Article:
In a plant cell wall, lignin is synthesized from several monomeric precursors, combined in various ratios. The variation in monomer type and quantity enables multifunctional role of lignin in plants. Thus, it is important to know how different combinations of lignin monomers impact variability of bond types and local structural changes in the polymer. Lignin model polymers are a good model system for studies of relation between variations of the starting monomers and structural variations within the polymer. We synthesized lignin model polymers from three monomers, CF—based on coniferyl alcohol and ferulic acid in monomer proportions 5:1 and 10:1 (w/w), CP—based on coniferyl alcohol and p-coumaric acid in proportion 10:1 (w/w) and CA—based on pure coniferyl alcohol. We studied structural modifications in the obtained polymers, by combining fluorescence microscopy and spectroscopy, FT-IR and Raman spectroscopy, in parallel with determination of polymers’ molecular mass distribution. The differences in the low Mw region of the distribution curves of the 10:1 polymers in comparison with the CA polymer may be connected with the increased content of C=C bonds and decreased content of condensed structures, as observed in FT-IR spectra and indicated by the analysis of fluorescence spectra. The 5:1 CF polymer contains a different type of structure in comparison with the 10:1 CF polymers, reflected in its simpler Mw distribution, higher homogeneity of the fluorescence emitting structures and in the appearance of a new high-wavelength emission component. We propose that this component may originate from π-conjugated chains, which are longer in this polymer. The results are a contribution to the understanding of the involvement of structural variations of lignin polymers in the cell wall structural plasticity.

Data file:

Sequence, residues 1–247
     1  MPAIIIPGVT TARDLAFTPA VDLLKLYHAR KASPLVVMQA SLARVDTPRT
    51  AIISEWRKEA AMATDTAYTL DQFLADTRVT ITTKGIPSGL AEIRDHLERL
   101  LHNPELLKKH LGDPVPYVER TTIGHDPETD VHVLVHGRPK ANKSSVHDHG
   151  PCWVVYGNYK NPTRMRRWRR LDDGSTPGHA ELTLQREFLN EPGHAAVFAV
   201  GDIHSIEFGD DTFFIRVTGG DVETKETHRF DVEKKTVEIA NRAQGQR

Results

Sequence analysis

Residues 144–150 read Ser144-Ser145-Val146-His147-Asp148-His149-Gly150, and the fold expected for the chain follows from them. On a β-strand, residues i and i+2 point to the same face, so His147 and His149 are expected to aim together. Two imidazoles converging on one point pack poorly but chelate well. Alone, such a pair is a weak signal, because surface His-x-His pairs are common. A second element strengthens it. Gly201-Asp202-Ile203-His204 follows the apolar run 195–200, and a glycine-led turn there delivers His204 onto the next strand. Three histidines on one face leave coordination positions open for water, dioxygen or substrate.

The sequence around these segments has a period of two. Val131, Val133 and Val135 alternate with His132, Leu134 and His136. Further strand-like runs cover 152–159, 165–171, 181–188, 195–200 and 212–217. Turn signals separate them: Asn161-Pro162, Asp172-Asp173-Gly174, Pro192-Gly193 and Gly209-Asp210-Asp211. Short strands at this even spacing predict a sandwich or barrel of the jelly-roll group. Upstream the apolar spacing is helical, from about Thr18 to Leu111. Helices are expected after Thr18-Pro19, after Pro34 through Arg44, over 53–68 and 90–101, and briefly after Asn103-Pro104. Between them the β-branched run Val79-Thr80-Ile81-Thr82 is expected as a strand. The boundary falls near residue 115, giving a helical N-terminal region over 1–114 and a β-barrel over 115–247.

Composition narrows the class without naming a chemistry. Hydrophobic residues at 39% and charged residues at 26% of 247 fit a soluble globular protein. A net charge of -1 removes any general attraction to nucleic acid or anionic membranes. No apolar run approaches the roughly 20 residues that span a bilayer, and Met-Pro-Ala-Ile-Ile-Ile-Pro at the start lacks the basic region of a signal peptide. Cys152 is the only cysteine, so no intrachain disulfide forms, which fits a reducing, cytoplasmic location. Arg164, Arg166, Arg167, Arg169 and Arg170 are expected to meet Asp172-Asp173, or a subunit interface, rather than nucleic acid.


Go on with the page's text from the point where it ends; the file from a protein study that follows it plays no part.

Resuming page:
Lignin model polymers Phenylpropanoid monomers Synthesis Molecular mass distribution Fluorescence spectroscopy